What can we do to give interactive theatre rooms an interesting personality that meaningfully shapes and limits the actions of those within it? Especially when we don’t have enough money to fill every drawer with interesting tchotchke?
2. How do they know what’s happening elsewhere?
In immersive theatre, an often-interesting dramatic effect is created when the audience, due to them lacking complete information, do not know everything else going on - if you went to the dance, why is the Red Badger missing a finger? If you watched the fight, why is the Blue Hedgehog crying?
In interactive theatre, this can be manipulated to create a sense of urgency or crisis - there is too much information pouring in to follow. This is, in fact, largely due to how that information is presented, and the lack of information circulation, and is very effective.
[Sidebar: one of the things in Come Bargain With Uncanny Things I’m most excited to share is a set of ‘coordinator’ roles to try and remove this element of drama and replace it with something more community-focused.]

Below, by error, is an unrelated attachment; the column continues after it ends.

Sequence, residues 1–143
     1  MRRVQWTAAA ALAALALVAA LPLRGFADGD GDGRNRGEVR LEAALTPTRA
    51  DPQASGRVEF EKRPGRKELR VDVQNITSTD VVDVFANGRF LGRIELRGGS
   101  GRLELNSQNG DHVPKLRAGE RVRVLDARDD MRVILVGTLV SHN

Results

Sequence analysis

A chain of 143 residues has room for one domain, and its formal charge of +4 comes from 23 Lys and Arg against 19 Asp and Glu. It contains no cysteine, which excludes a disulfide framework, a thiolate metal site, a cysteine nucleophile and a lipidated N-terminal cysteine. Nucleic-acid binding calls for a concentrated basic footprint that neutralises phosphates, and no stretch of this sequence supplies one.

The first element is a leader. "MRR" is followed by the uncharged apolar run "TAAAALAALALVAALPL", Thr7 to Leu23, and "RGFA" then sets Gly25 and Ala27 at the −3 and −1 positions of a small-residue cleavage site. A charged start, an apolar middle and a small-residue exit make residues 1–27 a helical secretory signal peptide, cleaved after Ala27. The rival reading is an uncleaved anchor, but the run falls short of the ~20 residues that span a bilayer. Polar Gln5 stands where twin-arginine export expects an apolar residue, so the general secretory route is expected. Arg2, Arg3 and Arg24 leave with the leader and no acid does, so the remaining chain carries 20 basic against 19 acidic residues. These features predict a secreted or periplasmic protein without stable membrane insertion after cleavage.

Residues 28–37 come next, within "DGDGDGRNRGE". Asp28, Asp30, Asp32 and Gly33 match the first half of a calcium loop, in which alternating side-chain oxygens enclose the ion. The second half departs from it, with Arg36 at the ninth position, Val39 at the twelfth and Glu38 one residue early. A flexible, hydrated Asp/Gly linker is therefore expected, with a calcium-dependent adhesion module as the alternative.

In golf, the sort-of problem is deal with by identifying core information (how many hits has each player taken, over how many holes?) and easily broadcasting it on scoreboards (for viewers watching at home or online). This means that even a person following one player, or staying on one hole of the course, can easily gather information to contextualise what they are seeing; players can theoretically access such information (though I’m not sure if they actually do) to inform their decisions. I can see a definite advantage to being able to decide risk-appetite based on how well other players are doing.